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10 Tourist Attractions to See by Bicycle

Extreme Sports Pictures There's something special about seeing the sights by bike. See more pictures of extreme sports.
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Some sights must be taken in slowly: rock formations shaped over thousands of years, a winery stretching for miles or a solitary stretch of road running along a deserted beach. It's difficult to fully appreciate them from a car or tour bus. Then how about by bike? You'll get some great exercise and have the chance to savor all the beauty unfolding in front of you.

You can find tours throughout the world designed for cyclists of all levels or you can strike out on your own. A tour will provide you with just about everything you could need to enjoy your trip, from sleeping accommodations to luggage transportation to the actual bikes and helmets. These tours give you a chance to stretch your legs and get some fresh air while you take in the natural beauty of the world around you.

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So strap on that helmet and let's see some of the top destinations.

Some of California's famous Zinfandel grapes on the vine.
Some of California's famous Zinfandel grapes on the vine.
juanlondres2/Creative Commons

The town of Sonoma offers you a chance to ride along the rolling roads of California's wine country. With daily group rides of around 30 miles (48 kilometers), you're sure to get plenty of time on the bike while still finding time to enjoy the finer things this West Coast valley has to offer. Along the way, you can stop for wine tastings, have a picnic overlooking the vineyards or visit local shops for unique, handmade souvenirs.

You don't have to be a wine connoisseur to appreciate the region. The pleasant climate and scenic, varying terrain will keep you inspired and challenged. The flatter stretches along the valley floor are perfect for the beginning biker and incorporate short loops around the vineyards. For more experienced cyclists, there's an abundance of climbs to get hearts pumping. Regardless of your level of cycling expertise, you can find great rides through some gorgeous country [source: Trek Tours].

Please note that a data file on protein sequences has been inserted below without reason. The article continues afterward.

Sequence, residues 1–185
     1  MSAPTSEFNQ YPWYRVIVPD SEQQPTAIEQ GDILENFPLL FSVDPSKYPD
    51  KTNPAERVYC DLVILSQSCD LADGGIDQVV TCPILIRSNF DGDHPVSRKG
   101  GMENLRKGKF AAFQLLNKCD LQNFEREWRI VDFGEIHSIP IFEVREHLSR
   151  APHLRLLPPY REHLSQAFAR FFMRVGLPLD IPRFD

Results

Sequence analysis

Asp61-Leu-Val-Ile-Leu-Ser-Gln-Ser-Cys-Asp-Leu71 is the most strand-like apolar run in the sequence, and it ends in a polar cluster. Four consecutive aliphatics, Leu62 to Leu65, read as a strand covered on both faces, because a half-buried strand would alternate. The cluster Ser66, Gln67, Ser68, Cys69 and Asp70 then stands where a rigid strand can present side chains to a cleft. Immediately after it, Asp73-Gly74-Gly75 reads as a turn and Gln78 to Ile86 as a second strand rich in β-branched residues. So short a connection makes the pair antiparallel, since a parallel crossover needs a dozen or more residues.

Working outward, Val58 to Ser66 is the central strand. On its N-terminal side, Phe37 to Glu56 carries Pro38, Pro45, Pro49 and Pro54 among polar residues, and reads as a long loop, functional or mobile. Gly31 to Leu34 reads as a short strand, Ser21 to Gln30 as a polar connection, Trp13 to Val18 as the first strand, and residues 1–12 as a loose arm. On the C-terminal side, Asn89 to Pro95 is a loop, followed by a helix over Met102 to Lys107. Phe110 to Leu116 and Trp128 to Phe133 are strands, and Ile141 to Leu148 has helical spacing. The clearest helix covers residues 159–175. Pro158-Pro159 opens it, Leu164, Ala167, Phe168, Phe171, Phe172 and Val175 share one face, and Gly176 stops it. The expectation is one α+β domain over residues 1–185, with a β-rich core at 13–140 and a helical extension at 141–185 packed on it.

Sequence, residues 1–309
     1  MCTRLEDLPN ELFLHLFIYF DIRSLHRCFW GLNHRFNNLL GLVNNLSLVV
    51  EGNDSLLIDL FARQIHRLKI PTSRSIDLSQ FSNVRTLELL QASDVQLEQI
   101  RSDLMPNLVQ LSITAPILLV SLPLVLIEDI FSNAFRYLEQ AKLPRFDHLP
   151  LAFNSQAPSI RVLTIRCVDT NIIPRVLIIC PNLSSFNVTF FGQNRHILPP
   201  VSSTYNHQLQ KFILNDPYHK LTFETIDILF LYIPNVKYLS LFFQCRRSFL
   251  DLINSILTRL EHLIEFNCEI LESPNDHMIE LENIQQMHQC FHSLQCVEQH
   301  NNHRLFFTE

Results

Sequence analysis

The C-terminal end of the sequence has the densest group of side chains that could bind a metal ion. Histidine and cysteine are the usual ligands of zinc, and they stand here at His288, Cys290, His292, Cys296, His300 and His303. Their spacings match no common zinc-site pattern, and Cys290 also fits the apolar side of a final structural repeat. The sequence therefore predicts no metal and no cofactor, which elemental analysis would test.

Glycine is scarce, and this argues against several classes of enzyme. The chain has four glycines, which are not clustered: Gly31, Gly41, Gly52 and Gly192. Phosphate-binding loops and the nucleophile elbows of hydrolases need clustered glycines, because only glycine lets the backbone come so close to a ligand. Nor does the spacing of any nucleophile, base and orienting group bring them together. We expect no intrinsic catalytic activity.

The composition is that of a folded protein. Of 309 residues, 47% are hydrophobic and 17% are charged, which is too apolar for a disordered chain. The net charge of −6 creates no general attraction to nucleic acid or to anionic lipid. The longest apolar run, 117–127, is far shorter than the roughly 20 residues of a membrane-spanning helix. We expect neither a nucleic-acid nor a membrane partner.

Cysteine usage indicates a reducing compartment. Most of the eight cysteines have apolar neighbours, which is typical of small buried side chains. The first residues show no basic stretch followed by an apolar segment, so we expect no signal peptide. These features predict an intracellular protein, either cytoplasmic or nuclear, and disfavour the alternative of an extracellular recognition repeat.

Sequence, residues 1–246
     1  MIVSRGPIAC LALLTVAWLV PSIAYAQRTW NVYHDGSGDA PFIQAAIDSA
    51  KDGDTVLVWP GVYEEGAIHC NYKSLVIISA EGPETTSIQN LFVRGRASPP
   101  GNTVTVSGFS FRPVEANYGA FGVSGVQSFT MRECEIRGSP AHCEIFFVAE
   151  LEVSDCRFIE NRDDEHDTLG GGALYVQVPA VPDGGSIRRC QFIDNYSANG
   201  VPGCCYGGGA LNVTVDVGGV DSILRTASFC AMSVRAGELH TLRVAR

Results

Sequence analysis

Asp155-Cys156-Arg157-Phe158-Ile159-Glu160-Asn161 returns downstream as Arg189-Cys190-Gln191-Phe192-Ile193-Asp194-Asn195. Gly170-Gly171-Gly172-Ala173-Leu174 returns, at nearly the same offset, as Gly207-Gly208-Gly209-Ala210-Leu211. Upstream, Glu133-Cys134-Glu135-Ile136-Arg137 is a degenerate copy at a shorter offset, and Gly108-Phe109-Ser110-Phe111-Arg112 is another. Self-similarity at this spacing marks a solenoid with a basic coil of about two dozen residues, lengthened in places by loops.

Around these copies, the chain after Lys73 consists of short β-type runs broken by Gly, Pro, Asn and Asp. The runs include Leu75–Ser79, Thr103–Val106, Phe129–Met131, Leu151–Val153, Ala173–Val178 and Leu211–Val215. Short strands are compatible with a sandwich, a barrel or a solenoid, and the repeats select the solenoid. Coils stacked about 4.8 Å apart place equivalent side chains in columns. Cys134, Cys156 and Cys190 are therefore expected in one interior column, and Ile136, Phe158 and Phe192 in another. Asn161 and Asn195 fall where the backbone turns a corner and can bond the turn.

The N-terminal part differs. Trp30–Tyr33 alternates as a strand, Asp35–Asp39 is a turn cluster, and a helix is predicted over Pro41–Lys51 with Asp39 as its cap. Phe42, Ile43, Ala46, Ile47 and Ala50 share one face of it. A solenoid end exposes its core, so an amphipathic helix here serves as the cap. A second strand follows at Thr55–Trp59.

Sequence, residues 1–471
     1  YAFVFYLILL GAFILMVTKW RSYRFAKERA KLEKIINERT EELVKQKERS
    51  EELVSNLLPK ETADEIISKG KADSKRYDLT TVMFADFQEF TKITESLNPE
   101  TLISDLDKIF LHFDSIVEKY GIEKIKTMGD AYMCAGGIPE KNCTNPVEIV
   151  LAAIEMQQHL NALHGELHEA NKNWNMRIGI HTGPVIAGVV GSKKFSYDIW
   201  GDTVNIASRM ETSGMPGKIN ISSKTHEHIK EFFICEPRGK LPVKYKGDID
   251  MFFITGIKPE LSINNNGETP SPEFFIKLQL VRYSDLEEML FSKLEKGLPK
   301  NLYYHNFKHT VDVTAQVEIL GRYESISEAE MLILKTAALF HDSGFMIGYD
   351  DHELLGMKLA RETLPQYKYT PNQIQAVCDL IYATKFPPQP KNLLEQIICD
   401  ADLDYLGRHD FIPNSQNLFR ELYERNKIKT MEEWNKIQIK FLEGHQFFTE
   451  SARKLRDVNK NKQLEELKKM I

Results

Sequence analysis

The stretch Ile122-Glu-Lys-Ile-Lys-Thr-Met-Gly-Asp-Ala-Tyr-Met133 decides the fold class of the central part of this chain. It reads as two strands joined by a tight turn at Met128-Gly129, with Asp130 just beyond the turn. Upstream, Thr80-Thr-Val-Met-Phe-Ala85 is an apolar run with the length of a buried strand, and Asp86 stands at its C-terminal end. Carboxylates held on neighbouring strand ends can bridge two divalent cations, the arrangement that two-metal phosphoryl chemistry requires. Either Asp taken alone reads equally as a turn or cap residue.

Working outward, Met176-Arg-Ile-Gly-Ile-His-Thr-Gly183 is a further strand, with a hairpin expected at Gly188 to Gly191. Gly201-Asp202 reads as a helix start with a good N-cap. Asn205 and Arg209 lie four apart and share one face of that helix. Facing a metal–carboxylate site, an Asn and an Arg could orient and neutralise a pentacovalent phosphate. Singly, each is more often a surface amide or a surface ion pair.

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Fans line the switchbacks of the famous Alpe d'Huez.
Fans line the switchbacks of the famous Alpe d'Huez.
Zehnfinger/Creative Commons

Anyone who has ever watched the Tour de France has at least vicariously considered the grueling nature of ascending the Alps. For the most enthusiastic of cyclists, the Alps present the pinnacle of bicycling and allow you to follow in the tracks of some of the world's most famous professional riders. Imagine following the likes of Lance Armstrong, Lucien Van Impe or Miguel Induráin as you power up the Col du Marais. Or you can see how you fare on the storied switchbacks of the Alpe d'Huez, one of the most famous climbs in the world.

In between all this quad-burning climbing, you can take time to gaze out over the Alpine villages. Catch your breath while making a loop around a cold mountain lake before facing the next big challenge [source: Trek Tours].

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The Katy Trail, an old rail line, runs across the state of Missouri.
The Katy Trail, an old rail line, runs across the state of Missouri.
MoBikeFed/Creative Commons

For the historian on wheels, it doesn't get much better than the Katy Trail. This 225-mile (362-kilometer) path covers terrain alongside the Missouri River that Lewis and Clark explored. The trail itself is a "rails-to-trails project", meaning old and unused rail tracks have been removed to make way for a path for cyclists, runners and sometimes even people on horseback. One of the most attractive aspects of the trail is that it's almost completely traffic free, ensuring a safer and tranquil ride.

If you need to give your backside a rest after a day in the saddle, there are countless options, ranging from bed and breakfasts to wineries to small towns and historic shops. The Katy Trail offers riders a slice of Middle America at their own pace [source: Bike Katy Trail].